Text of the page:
The lessons I brought back were immense. I could drop myself into a new city, speaking a non-native language with limited assistance (my Spanish was strong already, but not “fluent”), with limited funds, with no idea who would see or how my work would be used, working with a short turnaround, and make a dream project happen. I found new ways of using my cameras. I found new ways of interviewing people, strengthening what I still consider my strong suit in my trade. And, perhaps most importantly, I found ways of manipulating a long-winded cultural narrative tradition into short-form stories. (Many of the Spaniards I encountered were amazed at the ways I condensed the stories into short films, something Europeans have not entirely mastered in non-fiction.) A national radio show in Spain interviewed me and celebrated my work. On my return, one of my favorite radio programs also interviewed me and featured my work prominently on their web site. Did I make a lot of money from any of this? No. Was I able to pitch the series of videos successfully to a publication for more widespread distribution? No. But those are lessons for the next dream project. The important part now is knowing that I can create a Dream Project, see it to completion, and happily embrace new challenges — all while not going broke and finding ways to inspire others.
See the videos here at wilweldon.com
What guides what we tell and what we owe to our subjects?
I’ve been thinking a lot about ethics in non-fiction video production and storytelling over the past couple of years, in particular. For a lot of people, video production means just setting up and pointing a camera, getting some good light on the subject and… Voilá! Put this clip next to that clip and you have a video! In reality, there are so many more levels to this than most of us realize. There are at least 4-5 different major software applications for editing, alone, with different values and variables for each. But one big component of video production which distinguishes elite producers from those still learning is ethics. (I know, I used to think ethics was boring, but it’s pretty exciting, actually!) This will probably be a multi-part (at least 2-part) series, so I will keep these posts fairly simple.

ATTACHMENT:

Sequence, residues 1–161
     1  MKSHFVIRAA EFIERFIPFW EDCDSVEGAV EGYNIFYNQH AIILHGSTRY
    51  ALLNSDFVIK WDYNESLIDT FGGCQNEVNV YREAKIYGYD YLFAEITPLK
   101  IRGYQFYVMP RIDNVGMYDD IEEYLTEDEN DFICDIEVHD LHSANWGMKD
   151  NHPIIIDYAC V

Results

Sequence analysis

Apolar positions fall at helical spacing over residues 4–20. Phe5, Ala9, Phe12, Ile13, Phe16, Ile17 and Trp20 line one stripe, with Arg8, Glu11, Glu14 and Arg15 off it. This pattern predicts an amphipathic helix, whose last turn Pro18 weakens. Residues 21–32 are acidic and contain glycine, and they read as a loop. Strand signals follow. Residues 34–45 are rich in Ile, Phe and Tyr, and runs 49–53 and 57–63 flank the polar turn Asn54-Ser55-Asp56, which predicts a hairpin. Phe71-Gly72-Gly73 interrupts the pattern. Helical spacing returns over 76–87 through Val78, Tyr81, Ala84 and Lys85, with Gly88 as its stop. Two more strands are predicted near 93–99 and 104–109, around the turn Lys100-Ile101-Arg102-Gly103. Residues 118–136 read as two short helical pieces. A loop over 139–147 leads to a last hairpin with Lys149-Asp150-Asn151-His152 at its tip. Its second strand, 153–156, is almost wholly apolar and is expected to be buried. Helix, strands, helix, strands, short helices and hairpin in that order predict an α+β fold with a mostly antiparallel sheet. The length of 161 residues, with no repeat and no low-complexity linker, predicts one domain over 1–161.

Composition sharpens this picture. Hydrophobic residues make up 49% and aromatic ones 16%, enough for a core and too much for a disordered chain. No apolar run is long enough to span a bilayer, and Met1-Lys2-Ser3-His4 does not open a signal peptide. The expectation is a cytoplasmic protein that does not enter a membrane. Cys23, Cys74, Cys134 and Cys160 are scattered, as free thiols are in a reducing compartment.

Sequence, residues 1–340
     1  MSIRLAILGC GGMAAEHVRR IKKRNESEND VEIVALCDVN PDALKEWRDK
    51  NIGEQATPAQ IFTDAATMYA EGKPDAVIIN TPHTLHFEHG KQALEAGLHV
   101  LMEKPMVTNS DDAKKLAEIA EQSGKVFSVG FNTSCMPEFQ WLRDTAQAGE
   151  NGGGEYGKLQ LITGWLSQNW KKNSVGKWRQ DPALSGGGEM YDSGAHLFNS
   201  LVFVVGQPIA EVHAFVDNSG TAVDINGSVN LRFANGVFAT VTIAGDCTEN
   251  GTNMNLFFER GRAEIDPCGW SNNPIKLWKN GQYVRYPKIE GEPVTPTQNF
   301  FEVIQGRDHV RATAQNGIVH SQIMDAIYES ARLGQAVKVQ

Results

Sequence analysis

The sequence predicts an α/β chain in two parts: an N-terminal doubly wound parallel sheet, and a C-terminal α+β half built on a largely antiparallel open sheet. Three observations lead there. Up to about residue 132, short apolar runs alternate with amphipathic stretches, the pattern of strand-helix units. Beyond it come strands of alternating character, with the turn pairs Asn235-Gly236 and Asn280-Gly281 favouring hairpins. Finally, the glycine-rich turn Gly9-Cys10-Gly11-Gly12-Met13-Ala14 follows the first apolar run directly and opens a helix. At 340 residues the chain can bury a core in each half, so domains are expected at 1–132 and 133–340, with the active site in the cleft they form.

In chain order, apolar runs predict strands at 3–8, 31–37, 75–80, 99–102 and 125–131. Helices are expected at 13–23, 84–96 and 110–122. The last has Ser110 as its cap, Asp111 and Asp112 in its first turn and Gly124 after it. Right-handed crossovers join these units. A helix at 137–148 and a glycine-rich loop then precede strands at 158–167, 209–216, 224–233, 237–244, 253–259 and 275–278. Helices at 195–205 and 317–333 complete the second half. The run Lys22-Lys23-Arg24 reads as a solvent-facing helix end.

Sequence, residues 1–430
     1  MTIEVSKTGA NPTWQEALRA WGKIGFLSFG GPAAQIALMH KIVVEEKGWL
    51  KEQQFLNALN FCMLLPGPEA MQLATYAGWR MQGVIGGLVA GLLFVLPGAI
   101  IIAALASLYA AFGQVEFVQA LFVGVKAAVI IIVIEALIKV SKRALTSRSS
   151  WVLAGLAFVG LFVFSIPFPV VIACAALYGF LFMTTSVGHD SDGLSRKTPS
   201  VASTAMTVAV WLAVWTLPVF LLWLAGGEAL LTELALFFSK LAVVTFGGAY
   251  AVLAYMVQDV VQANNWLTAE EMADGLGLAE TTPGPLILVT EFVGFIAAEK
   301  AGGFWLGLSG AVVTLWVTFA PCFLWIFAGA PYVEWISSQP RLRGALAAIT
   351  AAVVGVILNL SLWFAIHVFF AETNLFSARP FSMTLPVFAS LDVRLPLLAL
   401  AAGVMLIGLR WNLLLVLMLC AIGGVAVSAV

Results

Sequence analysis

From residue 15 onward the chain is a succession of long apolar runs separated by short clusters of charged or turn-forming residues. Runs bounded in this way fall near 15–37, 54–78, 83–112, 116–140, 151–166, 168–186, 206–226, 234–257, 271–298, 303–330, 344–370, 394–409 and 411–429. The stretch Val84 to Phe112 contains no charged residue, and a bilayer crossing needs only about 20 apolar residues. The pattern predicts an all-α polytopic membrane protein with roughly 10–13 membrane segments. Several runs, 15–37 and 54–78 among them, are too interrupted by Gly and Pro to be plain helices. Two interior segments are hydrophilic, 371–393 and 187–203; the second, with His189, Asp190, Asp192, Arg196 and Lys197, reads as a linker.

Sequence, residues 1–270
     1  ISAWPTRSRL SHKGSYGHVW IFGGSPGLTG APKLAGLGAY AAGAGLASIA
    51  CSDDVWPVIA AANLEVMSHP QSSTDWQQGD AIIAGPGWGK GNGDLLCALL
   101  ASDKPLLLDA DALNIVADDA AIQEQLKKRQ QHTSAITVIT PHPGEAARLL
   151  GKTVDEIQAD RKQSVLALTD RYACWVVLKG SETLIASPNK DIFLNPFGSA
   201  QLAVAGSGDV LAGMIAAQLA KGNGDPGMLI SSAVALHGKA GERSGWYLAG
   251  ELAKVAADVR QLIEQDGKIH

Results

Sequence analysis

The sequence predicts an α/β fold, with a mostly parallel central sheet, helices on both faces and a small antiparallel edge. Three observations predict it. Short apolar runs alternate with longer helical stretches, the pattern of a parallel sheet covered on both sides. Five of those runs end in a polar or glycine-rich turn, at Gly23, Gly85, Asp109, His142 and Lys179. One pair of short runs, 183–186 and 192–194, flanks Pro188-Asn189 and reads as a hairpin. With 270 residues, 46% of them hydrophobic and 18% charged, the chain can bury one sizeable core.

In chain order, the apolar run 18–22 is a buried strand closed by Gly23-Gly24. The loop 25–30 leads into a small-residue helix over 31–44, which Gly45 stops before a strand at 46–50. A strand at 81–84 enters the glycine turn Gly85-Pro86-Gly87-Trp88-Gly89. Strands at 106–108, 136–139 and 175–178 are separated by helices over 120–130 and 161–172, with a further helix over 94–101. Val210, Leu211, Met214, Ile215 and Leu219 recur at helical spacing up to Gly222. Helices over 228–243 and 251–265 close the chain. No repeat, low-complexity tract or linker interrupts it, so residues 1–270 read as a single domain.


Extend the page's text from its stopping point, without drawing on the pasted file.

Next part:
To begin, ethics means a lot more than “right or wrong,” when it comes to representing people. With the DSLR revolution in video production, many people previously accustomed to knowing a video camera when they see one are now often unaware they are being video-graphed. Does this change the rules? At the least, should we ask if people are okay with video being taken of them? One major consideration is that they will no longer be “candid” or natural and this will change the value of the video for the shooter. But this is just one of the ways ethics is important and is a slight digression from the point of this post.